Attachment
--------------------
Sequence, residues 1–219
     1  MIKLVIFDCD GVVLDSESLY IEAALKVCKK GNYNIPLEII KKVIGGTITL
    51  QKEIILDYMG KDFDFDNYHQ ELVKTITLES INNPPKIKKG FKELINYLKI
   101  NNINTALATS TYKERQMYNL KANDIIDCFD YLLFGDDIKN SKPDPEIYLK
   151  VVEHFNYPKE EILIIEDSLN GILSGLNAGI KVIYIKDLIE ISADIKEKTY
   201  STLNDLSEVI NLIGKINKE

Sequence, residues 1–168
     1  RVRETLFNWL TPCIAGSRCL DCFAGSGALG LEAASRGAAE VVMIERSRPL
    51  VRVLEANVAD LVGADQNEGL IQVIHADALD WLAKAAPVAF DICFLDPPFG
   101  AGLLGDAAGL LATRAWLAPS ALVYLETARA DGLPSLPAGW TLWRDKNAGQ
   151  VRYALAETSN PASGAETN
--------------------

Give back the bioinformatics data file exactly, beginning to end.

Sequence, residues 1–219
     1  MIKLVIFDCD GVVLDSESLY IEAALKVCKK GNYNIPLEII KKVIGGTITL
    51  QKEIILDYMG KDFDFDNYHQ ELVKTITLES INNPPKIKKG FKELINYLKI
   101  NNINTALATS TYKERQMYNL KANDIIDCFD YLLFGDDIKN SKPDPEIYLK
   151  VVEHFNYPKE EILIIEDSLN GILSGLNAGI KVIYIKDLIE ISADIKEKTY
   201  STLNDLSEVI NLIGKINKE

Sequence, residues 1–168
     1  RVRETLFNWL TPCIAGSRCL DCFAGSGALG LEAASRGAAE VVMIERSRPL
    51  VRVLEANVAD LVGADQNEGL IQVIHADALD WLAKAAPVAF DICFLDPPFG
   101  AGLLGDAAGL LATRAWLAPS ALVYLETARA DGLPSLPAGW TLWRDKNAGQ
   151  VRYALAETSN PASGAETN